In terms of costs, camping in Iceland is relatively affordable compared to other accommodation options. Prices range from around $10-$30 USD per person per night, depending on the location and amenities provided. Plus, camping gives you more flexibility in terms of your itinerary and budget. You can choose to cook your own meals at the campsite, saving money on dining out, and you have the freedom to stay in different areas every night without having to worry about booking expensive hotels or guesthouses.

One thing to keep in mind while camping in Iceland is the weather. It can be unpredictable and harsh at times, so make sure you come prepared.

How to make camping reservations in Iceland

If you're planning to camp in Iceland, always check to see if the campgrounds you're hoping to stay at accept reservations. Most do not accept reservations so don't stress about this too much, but for the ones that do accept reservations, be sure you have this information ready for them:

  • The dates of your stay
  • The number of people in your party
  • The type of camping unit you'll be using (tent, campervan, etc.)
  • Your credit card information

Cancellation policies vary by campsite, so be sure to check before you make your reservation.

Waking up to mountain views on a rainy morning while camping in Iceland
Waking up to mountain views on a rainy morning while camping in Iceland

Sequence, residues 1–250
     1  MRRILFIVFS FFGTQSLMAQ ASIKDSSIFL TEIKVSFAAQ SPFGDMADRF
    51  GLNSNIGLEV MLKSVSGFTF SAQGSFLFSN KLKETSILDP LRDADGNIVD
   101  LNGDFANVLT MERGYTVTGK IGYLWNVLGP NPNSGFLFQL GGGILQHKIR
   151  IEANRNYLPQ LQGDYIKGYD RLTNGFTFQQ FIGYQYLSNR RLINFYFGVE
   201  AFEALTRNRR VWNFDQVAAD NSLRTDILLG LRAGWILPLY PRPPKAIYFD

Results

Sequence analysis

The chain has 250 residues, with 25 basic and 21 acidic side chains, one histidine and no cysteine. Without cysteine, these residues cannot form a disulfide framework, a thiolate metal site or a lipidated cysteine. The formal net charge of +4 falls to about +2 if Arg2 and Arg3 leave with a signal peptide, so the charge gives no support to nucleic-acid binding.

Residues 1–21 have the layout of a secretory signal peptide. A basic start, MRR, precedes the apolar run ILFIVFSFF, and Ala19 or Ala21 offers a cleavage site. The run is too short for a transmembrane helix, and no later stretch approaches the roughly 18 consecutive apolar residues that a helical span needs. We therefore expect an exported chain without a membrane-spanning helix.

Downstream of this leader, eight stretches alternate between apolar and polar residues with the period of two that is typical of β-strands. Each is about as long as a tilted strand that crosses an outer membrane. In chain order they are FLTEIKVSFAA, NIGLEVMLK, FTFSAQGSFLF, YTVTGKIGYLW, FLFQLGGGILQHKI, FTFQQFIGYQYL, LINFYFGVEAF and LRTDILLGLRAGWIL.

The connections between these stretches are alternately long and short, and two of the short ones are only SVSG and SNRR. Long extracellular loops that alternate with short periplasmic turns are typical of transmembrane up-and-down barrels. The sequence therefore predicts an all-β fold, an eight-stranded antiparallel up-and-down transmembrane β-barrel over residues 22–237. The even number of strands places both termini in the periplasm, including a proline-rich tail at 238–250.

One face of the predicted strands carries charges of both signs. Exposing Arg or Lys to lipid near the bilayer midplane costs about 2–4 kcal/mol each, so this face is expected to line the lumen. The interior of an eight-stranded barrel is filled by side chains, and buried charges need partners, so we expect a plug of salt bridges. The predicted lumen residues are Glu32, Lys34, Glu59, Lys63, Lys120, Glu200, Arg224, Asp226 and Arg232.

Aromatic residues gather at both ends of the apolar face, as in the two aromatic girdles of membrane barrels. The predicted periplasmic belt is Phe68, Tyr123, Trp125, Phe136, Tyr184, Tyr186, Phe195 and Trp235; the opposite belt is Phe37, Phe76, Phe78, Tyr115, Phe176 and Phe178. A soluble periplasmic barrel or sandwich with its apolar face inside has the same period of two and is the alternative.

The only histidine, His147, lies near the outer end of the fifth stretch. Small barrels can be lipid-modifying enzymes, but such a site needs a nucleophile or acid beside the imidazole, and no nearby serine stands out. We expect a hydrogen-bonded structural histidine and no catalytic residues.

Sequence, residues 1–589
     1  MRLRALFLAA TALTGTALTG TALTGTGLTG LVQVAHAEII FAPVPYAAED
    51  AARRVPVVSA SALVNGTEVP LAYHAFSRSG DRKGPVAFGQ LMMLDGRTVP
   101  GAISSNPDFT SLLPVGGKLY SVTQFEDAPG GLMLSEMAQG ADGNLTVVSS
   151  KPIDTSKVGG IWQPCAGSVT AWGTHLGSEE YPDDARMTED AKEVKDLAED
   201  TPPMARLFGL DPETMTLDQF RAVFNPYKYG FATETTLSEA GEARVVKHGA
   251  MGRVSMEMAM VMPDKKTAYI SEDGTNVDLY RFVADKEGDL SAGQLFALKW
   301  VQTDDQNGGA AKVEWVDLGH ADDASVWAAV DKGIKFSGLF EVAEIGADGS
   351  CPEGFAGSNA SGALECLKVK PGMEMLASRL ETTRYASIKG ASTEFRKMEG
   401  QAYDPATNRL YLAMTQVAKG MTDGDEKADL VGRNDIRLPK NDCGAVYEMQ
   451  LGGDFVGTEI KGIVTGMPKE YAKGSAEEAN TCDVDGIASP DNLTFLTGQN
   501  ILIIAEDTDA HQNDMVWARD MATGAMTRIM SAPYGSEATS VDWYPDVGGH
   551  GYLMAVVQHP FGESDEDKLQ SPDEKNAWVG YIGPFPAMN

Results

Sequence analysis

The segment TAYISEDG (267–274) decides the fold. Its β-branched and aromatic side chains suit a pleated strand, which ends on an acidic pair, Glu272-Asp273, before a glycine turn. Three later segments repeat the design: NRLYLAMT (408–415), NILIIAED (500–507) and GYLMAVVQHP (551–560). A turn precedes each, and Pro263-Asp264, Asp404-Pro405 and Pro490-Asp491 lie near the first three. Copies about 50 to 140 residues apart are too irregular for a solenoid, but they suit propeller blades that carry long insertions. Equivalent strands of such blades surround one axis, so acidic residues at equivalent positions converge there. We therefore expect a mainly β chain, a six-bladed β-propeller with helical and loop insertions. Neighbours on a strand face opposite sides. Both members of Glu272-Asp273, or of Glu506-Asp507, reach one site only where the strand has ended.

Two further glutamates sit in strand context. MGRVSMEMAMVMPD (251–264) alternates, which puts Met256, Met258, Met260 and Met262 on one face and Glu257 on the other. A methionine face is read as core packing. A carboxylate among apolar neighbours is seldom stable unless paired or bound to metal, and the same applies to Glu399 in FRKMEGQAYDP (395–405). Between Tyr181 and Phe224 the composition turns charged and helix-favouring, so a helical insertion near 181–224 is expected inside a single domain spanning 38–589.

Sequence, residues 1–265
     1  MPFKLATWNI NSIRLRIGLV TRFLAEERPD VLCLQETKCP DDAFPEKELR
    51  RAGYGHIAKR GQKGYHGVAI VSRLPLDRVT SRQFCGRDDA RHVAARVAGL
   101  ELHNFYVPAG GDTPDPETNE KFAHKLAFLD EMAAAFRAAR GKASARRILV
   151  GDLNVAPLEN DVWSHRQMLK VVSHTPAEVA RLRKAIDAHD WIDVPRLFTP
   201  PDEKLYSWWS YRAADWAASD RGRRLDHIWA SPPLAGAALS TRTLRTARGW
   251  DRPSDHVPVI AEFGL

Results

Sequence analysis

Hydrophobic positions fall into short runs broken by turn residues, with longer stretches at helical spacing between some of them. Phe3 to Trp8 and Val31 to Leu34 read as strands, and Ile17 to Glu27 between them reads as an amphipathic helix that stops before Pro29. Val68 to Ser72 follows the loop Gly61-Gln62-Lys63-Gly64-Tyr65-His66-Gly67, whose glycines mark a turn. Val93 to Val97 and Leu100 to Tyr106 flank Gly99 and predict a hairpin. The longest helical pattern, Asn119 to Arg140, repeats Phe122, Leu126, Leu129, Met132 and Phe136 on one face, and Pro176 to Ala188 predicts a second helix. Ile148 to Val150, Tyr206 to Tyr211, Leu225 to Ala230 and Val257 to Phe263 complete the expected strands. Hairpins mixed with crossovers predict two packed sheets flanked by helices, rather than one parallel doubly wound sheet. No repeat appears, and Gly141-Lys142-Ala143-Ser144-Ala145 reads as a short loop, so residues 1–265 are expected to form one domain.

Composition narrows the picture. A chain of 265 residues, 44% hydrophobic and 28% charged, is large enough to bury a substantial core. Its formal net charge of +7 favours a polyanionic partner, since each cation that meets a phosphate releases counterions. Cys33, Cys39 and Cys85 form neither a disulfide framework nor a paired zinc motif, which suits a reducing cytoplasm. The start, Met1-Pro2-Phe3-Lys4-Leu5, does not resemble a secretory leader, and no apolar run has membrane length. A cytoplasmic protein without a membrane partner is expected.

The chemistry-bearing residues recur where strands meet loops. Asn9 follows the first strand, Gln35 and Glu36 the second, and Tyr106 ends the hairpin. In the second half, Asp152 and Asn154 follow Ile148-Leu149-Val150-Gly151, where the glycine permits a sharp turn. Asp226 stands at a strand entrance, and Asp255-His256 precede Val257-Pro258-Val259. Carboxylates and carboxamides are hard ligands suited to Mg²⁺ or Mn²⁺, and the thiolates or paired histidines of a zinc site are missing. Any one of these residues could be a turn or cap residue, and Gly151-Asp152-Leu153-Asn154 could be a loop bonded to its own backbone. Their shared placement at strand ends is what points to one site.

Best apps for camping in Iceland

Navigating the camping landscape in Iceland is a breeze thanks to technology! Cell service is widely available in Iceland, so downloading apps is a great way to plan ahead where you want to stay along your route. There are several apps available that can turn your smartphone into your very own camping guide. However, two stand out above the rest: Campingcard and NorCamp. These apps are like a trusty sidekick, providing you with a wealth of information at our fingertips. From campground details and their amenities, to real-time weather updates, and even the best spots to catch the Northern Lights. It's like having a seasoned local campsite guru right in your pocket. Remember, however, while technology is a great tool, nothing beats the real-life experience of stepping out of your comfort zone and learning through adventure. So, download these apps, but don't forget to embrace the unpredictable and magical nature of camping in Iceland.